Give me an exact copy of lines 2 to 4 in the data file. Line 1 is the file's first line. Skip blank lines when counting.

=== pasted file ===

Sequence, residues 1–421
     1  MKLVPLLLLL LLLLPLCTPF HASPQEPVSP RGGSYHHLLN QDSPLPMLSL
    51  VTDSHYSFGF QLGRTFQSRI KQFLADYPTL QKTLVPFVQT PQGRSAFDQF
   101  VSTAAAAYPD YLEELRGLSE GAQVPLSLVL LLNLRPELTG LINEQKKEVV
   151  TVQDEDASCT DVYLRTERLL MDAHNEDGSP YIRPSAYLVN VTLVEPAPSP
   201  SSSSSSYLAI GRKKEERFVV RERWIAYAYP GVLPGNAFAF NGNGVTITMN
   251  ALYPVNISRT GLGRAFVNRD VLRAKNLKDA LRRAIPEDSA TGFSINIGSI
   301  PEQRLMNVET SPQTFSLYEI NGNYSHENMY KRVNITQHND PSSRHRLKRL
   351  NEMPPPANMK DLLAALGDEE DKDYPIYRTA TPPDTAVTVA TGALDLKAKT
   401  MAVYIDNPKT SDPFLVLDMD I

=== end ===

     1  MKLVPLLLLL LLLLPLCTPF HASPQEPVSP RGGSYHHLLN QDSPLPMLSL
    51  VTDSHYSFGF QLGRTFQSRI KQFLADYPTL QKTLVPFVQT PQGRSAFDQF
   101  VSTAAAAYPD YLEELRGLSE GAQVPLSLVL LLNLRPELTG LINEQKKEVV